Many in Britain feel smug about France's vote on the European constitution. If the French say "no" on 29 May, it will save us asking the dreaded question. If they say "yes", doesn't that strengthen a British instinct to say no when Tony Blair picks a date for us? After all, what the French want can't be what we need, can it? It is an attitude that reflects Blair's personal performance thus far on Europe: the ostrich with its head deep in the sand.
Britain occupies a ringside seat at France's desperately tight referendum battle. More than that, it has thrown an unwitting arm between the ropes. It is fortunate, therefore, that the French have been doing a lot of the hard thinking and talking on the constitution for us. Some of it is as mad as the stuff trotted out by obsessive Brussels-bashers in Britain: French naysayers claim the constitution could halt divorce and abortion throughout the EU; for the yeas, President Jacques Chirac declares the treaty to be "the daughter of 1789". Of the many reasons put forward for saying no, few have anything to do with the constitution. Frustration with Chirac and opposition to Turkey joining the EU head the list of extraneous matters.
Passions are unusually intense. The polls have remained neck and neck for weeks, the occasional boost for either side soon being redressed. The split results not from Euro-fatigue, but from a questioning of the direction the EU is taking. For the past 20 years, backing Europe has been a dogma, a faith, for left and right. In view of French regard for freethinking, this pensee unique (single-mindedness) has irritated even the majority who share it, but it has had the advantage of seeing off anti-European extremes represented by Jean-Marie Le Pen's National Front, the communists and others. Now the single mind in the broad centre has cracked.
Leaving aside the many No voters who see the poll as a chance to whack Chirac, what lies behind French divisions is principally anguish over EU enlargement. Where does an expanding union leave France's political dominance? Given that enlargement limits political integration, which economic model will prevail? The constitution does not settle these questions - it doesn't presume to, which is its flexible force - but the readiest answers make No voters squirm. Chief squirmer is the former premier Laurent Fabius, a Socialist grandee and nominal pro-European who wants to be president of France. Fabius has split his party (and made a fool of himself) by making the constitution a scapegoat for France's social and economic afflictions.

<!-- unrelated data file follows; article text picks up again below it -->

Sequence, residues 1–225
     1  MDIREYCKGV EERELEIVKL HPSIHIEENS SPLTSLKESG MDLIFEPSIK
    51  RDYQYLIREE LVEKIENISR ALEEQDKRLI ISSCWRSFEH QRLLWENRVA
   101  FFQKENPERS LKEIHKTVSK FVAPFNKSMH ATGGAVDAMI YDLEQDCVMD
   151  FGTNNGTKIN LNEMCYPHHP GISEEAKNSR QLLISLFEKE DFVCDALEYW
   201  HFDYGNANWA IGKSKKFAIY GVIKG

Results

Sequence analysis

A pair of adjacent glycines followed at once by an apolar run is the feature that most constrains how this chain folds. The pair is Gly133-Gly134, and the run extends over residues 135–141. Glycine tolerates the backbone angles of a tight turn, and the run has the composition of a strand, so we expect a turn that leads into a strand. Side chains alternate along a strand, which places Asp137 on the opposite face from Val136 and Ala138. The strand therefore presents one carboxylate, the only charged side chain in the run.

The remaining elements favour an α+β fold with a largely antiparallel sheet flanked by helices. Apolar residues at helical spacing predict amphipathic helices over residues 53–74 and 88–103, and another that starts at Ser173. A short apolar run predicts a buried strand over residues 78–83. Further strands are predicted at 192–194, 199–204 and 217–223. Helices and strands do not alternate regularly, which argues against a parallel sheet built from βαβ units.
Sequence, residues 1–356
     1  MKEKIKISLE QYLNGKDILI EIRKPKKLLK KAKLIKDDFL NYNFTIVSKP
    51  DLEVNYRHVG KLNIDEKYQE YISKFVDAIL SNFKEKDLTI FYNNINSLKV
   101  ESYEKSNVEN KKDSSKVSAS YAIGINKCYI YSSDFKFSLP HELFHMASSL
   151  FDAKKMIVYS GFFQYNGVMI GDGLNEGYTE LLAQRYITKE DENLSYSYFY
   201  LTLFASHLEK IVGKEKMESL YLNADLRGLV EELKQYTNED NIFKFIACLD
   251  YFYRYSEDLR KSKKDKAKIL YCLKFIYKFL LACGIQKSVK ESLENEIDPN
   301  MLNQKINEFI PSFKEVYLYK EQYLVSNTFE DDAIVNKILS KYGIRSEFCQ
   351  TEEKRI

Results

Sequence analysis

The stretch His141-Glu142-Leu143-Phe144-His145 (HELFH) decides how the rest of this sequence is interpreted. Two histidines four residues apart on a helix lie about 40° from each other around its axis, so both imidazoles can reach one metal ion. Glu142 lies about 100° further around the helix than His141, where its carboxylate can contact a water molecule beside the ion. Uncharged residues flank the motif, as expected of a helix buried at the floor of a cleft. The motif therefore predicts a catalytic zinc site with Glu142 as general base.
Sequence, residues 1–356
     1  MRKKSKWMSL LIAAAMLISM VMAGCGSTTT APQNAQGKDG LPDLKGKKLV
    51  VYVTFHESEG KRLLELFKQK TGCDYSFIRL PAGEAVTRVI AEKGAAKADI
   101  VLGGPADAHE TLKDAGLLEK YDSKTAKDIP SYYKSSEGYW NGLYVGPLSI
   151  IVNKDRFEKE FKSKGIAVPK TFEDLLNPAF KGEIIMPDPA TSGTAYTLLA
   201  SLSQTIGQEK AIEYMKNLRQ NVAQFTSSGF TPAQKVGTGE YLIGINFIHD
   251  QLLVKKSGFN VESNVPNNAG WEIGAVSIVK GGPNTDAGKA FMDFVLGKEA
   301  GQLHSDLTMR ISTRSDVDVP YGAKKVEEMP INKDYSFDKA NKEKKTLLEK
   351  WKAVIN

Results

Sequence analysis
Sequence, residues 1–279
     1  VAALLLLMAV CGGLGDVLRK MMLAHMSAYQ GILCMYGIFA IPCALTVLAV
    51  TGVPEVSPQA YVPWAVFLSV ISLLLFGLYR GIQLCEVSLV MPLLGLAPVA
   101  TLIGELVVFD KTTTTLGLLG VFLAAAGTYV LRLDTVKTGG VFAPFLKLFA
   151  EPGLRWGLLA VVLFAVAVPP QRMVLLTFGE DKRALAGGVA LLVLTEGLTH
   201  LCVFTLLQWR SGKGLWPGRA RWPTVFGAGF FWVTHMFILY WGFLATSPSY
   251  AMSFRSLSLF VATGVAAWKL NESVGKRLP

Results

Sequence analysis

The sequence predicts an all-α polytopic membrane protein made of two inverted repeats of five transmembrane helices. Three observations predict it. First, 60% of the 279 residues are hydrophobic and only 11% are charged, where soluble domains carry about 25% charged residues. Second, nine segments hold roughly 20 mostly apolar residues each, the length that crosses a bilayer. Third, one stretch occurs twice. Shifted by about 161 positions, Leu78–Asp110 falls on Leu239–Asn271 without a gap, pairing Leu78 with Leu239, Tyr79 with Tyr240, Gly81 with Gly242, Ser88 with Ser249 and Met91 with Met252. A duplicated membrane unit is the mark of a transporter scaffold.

Enter Britain, accompanied by Blair's go-go free-market approach. The Anglo-Saxon way makes light of social protections that France and Germany so value. Naysayers will lie on the rails in front of the oncoming locomotive to stop the EU's "social-market economy" from drifting into Blairism. The British way, seen from France, is the invasion of Polish plumbers to take French jobs under that hideous directive opening wide the market in services. This is the guts of the battle. Even the conservative Chirac thinks it too great a risk at home to embrace the "ultra-liberal" approach. The constitution does not force either country to adopt economic policies it doesn't like. France has unquestionably better public services than Britain; its productivity all round remains superior. But the French jobless rate, at 10 per cent and more, is twice as high. Furthermore, France's economic expansion, like Germany's, has lagged well behind for some years.
There is ammunition here not merely for the No camp, as Nicolas Sarkozy has found. The man most French people think will be their president in two years' time has grabbed the No argument by the tail. He makes support for the constitution a direct chance to embrace Blairism. "The best social model is the one which gives everyone a job. Alas, that is no longer ours, with three million out of work," he told a rally this month, thus widening his personal rift with Chirac. "It is ideological blindness to reject for our country what is happening elsewhere."
Whether the Sarkozy contortion works with restless voters is unclear. The Yes side hasn't hit on a grand theme beyond the evident, alas soporific, one that Europe as enshrined in the constitution has delivered peace and prosperity. The warmest argument it can offer is another Sarkozy special: "Europe? Well, it's family, isn't it? You don't walk out on the family."